Could Dwyane Wade and Derrick Rose play well together?
Let me make one thing clear up front: I’m not saying Dwyane Wade is coming to Chicago. There’s simply no way to know how this summer’s free agent bonanza is going to turn out. However, until he either re-signs with the Miami Heat or signs with another team, it remains a viable possibility. And hey, there are longer shots than D-Wade coming back to his home town, right?
Now, when I’m chatting on ESPN’s Daily Dime Live, the question I’m asked most often is: Which free agent(s) would I most like to see the Bulls sign this summer. My first two picks are always Dwyane Wade and Chris Bosh, usually in that order. The response from most DDL chatters is usually something along the lines of: “Wade could never play alongside Derrick Rose. They both need the ball in their hands.”
It’s a reasonable point to make. Derrick Rose is a scoring point guard, and Wade functions as Miami’s “three guard.” And the numbers seem to indicate Dwyane is a dominator of the ball. Check it: Wade has finished in the top five in Usage Percentage in three of the past five seasons, and he leads the league this season as well. Yes, ahead of LeBron James. Rose, meanwhile, currently ranks 12th.
Unless David Stern makes some radical rule changes during the offseason, we have to assume that NBA teams will still be allowed only one basketball per possession. So two guys who are always holding onto the rock couldn’t possibly work in tandem…could they?
The reality is this: You never really know until you actually see player combinations in action. Therefore, a better question is: Are Wade and Rose capable of playing together. Are the necessary skills and mindset there for both of these talented young men?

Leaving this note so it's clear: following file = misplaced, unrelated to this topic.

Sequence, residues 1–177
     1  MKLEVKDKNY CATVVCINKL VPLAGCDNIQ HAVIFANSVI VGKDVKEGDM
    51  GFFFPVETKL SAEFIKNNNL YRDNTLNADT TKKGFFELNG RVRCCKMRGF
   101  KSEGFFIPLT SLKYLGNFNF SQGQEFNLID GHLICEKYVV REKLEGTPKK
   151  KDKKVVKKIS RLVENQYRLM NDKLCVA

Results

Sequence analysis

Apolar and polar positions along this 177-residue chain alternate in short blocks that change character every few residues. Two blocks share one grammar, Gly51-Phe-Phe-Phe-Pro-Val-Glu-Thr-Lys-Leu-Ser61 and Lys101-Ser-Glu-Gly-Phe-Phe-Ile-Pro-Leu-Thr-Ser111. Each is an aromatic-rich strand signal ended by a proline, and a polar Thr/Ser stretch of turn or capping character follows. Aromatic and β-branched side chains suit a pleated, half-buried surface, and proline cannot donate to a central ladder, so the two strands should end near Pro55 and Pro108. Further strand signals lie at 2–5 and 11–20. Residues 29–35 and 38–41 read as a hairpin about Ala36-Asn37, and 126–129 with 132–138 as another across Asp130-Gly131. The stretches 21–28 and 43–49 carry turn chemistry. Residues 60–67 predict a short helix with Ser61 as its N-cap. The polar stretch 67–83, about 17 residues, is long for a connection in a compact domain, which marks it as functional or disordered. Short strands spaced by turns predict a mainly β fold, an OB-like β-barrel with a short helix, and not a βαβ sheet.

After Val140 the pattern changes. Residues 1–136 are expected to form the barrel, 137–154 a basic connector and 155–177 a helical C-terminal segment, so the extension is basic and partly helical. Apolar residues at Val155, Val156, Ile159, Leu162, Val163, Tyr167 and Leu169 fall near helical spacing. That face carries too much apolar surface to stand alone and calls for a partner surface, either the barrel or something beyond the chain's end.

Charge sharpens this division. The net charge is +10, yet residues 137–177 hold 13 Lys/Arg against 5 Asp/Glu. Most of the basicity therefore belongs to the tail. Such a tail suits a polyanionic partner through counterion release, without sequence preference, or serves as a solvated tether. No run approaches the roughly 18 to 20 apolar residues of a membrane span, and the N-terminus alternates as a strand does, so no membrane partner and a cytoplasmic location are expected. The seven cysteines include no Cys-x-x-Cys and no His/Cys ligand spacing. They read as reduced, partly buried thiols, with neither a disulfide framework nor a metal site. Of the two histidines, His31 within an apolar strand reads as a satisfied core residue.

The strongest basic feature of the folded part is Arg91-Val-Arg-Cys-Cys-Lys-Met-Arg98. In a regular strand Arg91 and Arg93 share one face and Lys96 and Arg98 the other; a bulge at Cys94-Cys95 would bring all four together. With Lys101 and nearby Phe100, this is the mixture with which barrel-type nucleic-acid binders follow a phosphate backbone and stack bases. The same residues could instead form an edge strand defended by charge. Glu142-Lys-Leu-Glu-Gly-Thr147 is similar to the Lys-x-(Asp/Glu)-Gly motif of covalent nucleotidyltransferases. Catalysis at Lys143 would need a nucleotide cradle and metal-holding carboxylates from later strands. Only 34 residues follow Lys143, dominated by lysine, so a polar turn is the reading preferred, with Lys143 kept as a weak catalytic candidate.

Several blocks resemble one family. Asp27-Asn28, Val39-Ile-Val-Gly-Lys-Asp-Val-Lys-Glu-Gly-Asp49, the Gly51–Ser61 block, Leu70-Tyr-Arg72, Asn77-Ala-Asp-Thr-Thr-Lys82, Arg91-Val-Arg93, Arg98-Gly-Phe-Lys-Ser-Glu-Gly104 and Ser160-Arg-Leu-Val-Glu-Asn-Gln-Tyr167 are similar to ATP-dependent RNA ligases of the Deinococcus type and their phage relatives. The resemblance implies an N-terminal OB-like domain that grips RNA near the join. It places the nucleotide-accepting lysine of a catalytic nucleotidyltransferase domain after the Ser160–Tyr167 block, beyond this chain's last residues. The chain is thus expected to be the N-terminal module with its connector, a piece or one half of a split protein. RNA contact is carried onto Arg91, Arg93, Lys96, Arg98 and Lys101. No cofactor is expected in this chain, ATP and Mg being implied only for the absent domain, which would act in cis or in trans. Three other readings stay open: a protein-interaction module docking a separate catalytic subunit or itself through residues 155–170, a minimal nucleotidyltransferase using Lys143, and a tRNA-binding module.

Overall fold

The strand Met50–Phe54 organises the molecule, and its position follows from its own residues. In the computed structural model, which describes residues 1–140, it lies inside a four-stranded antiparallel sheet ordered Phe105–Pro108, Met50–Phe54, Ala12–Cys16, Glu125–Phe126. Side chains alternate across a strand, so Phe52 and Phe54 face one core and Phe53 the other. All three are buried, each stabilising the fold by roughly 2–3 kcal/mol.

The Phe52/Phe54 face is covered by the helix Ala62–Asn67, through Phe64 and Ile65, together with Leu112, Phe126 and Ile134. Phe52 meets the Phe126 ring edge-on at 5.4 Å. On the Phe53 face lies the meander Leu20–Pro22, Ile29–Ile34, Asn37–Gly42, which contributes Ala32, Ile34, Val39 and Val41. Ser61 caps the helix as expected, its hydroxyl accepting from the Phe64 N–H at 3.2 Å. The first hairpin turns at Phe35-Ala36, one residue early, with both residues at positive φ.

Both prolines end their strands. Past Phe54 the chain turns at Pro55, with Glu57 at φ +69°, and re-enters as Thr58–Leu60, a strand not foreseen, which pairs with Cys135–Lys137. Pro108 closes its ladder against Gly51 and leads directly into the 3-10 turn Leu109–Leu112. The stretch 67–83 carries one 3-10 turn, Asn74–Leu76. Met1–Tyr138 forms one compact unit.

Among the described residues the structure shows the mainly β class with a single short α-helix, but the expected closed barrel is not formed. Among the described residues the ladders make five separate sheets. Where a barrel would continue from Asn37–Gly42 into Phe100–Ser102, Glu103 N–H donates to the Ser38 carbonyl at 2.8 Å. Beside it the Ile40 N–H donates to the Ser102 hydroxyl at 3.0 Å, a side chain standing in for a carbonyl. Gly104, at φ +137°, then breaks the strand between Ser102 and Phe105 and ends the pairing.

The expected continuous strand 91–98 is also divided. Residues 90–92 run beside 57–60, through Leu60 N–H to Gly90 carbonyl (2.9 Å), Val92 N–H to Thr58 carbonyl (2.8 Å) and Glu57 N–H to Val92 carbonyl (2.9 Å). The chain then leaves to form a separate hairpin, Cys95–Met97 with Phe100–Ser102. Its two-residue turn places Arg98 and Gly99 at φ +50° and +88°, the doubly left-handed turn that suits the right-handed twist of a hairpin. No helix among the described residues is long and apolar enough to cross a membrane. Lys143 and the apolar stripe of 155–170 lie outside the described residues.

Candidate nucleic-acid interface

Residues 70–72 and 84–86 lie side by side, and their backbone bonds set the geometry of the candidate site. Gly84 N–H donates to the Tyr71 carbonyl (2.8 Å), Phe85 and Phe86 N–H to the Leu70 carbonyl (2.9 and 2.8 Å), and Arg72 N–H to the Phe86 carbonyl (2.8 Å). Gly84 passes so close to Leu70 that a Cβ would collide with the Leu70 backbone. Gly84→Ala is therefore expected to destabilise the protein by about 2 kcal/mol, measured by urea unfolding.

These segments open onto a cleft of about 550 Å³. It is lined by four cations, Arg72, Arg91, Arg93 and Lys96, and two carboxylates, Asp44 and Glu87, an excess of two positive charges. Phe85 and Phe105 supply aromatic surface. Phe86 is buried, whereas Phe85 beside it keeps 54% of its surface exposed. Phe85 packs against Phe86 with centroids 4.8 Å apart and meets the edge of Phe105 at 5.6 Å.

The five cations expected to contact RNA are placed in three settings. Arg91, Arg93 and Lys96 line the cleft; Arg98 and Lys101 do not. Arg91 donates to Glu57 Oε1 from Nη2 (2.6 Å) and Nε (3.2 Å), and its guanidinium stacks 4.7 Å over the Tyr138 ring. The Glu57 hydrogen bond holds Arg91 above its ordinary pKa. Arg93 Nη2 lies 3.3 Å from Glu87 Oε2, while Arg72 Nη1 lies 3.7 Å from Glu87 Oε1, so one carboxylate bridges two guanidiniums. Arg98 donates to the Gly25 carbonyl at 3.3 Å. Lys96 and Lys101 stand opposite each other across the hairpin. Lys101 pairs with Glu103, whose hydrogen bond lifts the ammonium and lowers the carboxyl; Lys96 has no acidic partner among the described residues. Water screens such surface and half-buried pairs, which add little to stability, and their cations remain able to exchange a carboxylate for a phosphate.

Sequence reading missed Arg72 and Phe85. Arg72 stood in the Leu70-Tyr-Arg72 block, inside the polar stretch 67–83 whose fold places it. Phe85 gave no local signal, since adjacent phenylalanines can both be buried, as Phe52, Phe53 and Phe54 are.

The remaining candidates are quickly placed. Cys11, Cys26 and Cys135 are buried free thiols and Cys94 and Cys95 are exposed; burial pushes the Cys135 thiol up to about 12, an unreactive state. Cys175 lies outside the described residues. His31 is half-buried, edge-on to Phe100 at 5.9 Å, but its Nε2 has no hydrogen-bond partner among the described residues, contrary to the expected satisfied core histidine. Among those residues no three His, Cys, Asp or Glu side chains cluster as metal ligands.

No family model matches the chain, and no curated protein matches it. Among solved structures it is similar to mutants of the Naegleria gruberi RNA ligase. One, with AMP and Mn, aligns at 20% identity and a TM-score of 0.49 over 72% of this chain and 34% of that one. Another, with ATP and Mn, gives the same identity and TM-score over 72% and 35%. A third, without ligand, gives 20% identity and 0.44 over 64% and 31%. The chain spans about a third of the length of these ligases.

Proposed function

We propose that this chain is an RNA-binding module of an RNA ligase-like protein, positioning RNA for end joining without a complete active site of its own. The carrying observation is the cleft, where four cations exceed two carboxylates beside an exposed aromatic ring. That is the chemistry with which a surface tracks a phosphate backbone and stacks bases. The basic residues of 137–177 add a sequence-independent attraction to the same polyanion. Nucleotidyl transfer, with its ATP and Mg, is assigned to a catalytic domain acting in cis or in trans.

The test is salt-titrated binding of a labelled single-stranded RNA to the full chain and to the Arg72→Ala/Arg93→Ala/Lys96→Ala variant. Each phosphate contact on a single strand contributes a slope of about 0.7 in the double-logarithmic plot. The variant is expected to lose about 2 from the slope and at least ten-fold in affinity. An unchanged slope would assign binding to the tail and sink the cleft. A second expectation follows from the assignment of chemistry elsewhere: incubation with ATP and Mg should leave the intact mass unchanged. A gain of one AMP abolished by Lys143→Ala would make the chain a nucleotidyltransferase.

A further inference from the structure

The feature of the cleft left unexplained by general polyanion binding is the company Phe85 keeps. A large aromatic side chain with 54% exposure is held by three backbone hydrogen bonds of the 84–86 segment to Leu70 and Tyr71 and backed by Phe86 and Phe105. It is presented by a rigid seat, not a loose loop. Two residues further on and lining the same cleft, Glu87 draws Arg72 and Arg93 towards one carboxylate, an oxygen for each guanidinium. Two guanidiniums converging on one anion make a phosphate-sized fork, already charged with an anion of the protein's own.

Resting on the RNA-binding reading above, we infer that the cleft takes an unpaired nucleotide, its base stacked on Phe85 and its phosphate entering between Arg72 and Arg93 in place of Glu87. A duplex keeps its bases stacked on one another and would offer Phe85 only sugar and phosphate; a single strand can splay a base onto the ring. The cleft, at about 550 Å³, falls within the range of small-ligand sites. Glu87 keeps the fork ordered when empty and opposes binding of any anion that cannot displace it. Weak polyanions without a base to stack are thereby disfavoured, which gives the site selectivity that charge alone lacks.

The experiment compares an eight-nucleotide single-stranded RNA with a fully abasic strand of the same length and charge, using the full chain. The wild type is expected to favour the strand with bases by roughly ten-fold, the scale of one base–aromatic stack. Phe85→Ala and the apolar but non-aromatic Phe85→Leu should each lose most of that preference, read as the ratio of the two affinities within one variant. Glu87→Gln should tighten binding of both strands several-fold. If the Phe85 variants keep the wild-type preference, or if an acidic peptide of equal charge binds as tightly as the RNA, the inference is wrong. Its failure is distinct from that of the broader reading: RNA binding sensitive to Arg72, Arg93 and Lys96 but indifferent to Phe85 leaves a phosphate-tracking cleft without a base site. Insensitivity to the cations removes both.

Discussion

Personally, I think they are.
I’ve watched every Bulls game this season, and I’m here to tell you that Rose moves really well without the basketball. Want proof? I’ve got some:
The same is true of Wade:
Wade has been something of a one-man show in Miami, but that’s always been more out of necessity than nature. He’s proven he can play off the ball in All-Star Games and, more notably, while playing for the USA Men’s Basketball Team in the 2008 Olympics. In fact, check out this little nugget that appeared in the Chicago Tribune earlier this season:
“An Eastern Conference executive believes that Dwyane Wade would excel alongside Derrick Rose in Chicago. ‘I’ve heard some people say both need the ball in their hands too much to be effective,’ the executive told the Chicago Tribune. ‘I don’t see that as an issue at all. Wade doesn’t get credit for how well he moves without the ball. And great players always find a way to make it work.'”
The same is true of Rose. If you check the numbers, you’ll notice Rose’s Usage Percentage was five points lower last season when he was playing alongside Ben Gordon. You’ll also notice that Derrick’s presence wasn’t exactly crimping Gordon’s style: In 2008-09, Ben had his second-best scoring season (20.4 PPG, 45% from the field, 41% in threes) while setting career-highs in Offensive Rating (112 points per 100 possessions), True Shooting Percentage (.573) and Effective Field Goal Percentage (.521).
So yeah, I think Rose can play alongside another big-time scorer who needs his touches.
Not only that, Derrick would benefit from having another scorer/playmaker around who could take the pressure off him to do all the creating. And Wade — who regularly finishes in the top 10 in turnovers — might appreciate turning over ball-handling duties to a capable teammate.
It’s no secret that Miami has been searching for a servicable point guard since Wade’s second season. And I mean desperately searching. Here’s a list of the point guards the Heat have used since the 2004-05 campaign: Damon Jones, Keyon Dooling, Jason Williams, Gary Payton, Smush Parker, Chris Quinn, Marcus Banks, Blake Ahern, Mario Chalmers, Carlos Arroyo, and Rafer Alston.
You don’t think D-Wade would like a little stability from that position?
Rose and Wade need each other. Well, okay, maybe “need” is a strong word. But as a dynamic backcourt duo, they could greatly benefit from playing together. Both are fast, strong and almost unreasonable athletic. They’re both good teammates and willing passers. They can both thrive in halfcourt sets or in transition. Each man can create his own shot in one-on-one situations or move effectively without the ball. Rose needs another scorer to ease his burden as the initiator of Chicago’s offense, and Wade could use a point guard so he won’t have to keep doing absolutely everything for his team.
I’m telling you, it could work. It may never happen, but it could work.